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Is Shell an environmental and financial risk in the Arctic?

Chuck Clusen

Posted June 22, 2012

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The Environmental Risks  

For four years the focus of this blog has been to highlight the great risks of opening America’s Arctic, the Beaufort and Chukchi seas, to offshore oil development. We started by explaining the extreme fragility of the Arctic Ocean ecosystem and the many significant gaps of scientific understanding regarding the functioning of the ecosystem.  The ecosystem is at once extremely harsh, yet highly productive in the summer.  Then we tried to paint a picture of this last pristine and vast wilderness with its awesome beauty and diverse wildlife including the endangered polar bears, bowhead whales and several species of birds. Americans and people from around the world have fallen in love with the region’s marine mammals.  Who doesn’t enjoy seeing pictures of a mother polar bear with her cub on the ice pack, Pacific walrus hauling up on an ice floe to use as a resting platform, a pod of beluga whales swimming by, or a bowhead whale with her offspring at her side gliding through an open lead?  But, we may lose all these species in the next generation.

The Arctic’s climate is warming at a greater pace than any other region on the planet and these highly adapted species are stressed.  These species have adapted over the millennia to be suited for this extreme environment, but now, as the polar ice retreats, the environment is changing in a geologic blink of an eye. With the summer Arctic ice pack roughly half its historical size, polar bears are drowning in vast open water stretches, walrus have to haul up on beaches due to the loss of ice floes and seals don’t have the protection of the ice edge because ice floes have melted much earlier and further north. Coastal erosion up to 30 feet in a single storm has been observed. The ecosystems of the Arctic are changing rapidly and we lack even the scientific baselines to understand these massive ecosystem changes.

Now, to add insult to injury, man is launching a huge and risky experiment—the exploration and potential development and production of oil and gas.  America’s Arctic remains a frontier. The lack of infrastructure is striking; there is no permanent road system few airports and minimal port facilities. The two major towns, Barrow (pop. 4200) and Prudhoe Bay (pop.2200), lack the lodging facilities to support even a fraction of the perhaps thousands of personnel required for a spill response. In America’s Arctic, the closest Coast Guard station is over 1,000 miles away.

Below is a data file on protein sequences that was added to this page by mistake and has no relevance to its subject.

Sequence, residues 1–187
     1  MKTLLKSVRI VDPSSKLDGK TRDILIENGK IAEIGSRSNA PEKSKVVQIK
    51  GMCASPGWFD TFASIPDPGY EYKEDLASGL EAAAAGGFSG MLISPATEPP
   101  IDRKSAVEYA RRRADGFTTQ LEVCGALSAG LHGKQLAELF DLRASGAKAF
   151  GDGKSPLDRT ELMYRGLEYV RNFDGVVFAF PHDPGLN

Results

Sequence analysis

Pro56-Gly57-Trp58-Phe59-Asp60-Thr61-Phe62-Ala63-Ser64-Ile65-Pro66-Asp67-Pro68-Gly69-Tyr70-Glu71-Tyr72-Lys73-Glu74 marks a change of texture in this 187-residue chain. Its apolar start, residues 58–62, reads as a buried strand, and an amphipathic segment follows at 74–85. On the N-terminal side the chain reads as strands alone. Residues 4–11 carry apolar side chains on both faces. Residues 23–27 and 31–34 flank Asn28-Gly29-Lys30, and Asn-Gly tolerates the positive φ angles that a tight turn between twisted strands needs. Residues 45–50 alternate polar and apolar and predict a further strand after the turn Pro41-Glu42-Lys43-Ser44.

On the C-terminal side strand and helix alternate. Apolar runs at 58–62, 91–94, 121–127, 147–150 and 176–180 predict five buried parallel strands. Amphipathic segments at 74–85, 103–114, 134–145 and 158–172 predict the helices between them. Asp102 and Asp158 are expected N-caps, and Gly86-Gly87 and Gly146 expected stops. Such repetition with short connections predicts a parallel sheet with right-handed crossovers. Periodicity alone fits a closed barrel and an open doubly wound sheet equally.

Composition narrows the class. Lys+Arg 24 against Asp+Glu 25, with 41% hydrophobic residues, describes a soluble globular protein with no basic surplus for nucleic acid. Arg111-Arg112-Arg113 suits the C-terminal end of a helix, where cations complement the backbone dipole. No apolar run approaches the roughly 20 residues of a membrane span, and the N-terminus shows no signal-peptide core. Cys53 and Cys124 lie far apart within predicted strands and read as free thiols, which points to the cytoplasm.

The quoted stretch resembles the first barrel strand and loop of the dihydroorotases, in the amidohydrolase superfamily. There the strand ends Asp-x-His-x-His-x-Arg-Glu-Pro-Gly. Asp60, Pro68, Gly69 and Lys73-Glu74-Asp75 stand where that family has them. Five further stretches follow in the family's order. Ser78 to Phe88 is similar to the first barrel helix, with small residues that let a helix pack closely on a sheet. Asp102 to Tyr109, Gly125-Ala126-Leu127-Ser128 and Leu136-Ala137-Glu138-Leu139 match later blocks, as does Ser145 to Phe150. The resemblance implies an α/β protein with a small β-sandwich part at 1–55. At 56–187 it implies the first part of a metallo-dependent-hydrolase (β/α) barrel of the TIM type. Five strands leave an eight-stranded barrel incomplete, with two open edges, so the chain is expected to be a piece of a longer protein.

During BP’s Deepwater Horizon disaster, the blowout remained uncontrolled and spewed oil for 87 days, just two years ago, and less than 8% of the crude was recovered even though the disaster occurred in relatively calm waters and state-of-the-art cleanup equipment and abundant shore-side support were available.  And the Gulf was greatly benefited by a great abundance of micro-organisms that helped to break down the oil.  These micro-organisms do not exist in the Arctic in quantities even close to the same degree.

There is currently no effective technology to clean up oil spills from drilling in broken ice waters.  Shell’s disaster plan for the Arctic relies heavily on skimmers which become ineffective with as little as 10% ice cover.  A 2011 USGS report included a summary of oil recovery techniques. It estimated that mechanical means of recovery in ice-free, calm Arctic water could recover only 5 to 30% of spilled oil. If ice is present, the range would be from 1 to 20%, mainly because booms and skimmers, which contain and remove the oil, are only marginally effective in water that is more than 10% ice-covered. Field exercises in the Beaufort Sea during the summer of 2000 showed that sea ice could shut down on-water recovery at very low ice concentrations. Ice can clog skimmers, make vessel operations more challenging and can make it difficult to deploy equipment.  Oil spreads under ice making it more difficult to track and clean up. Delays can make cleanup harder as the oil weathers or emulsifies with seawater, the USGS report says. Clean-up methods are just as primitive now as they were for the Exxon Valdez accident in 1989.  “Containment and recovery at sea rarely results in the removal of more than a relatively small proportion of a large oil spill, at best only 10 to 15 percent and often considerably less,” according to the International Tanker Owners Pollution Federation.   A study commissioned by Canada's National Energy Board, found that in the best season oil spill cleanup is impossible one day in five (20%) and this deteriorates to more than three in five (65%) by late in the season.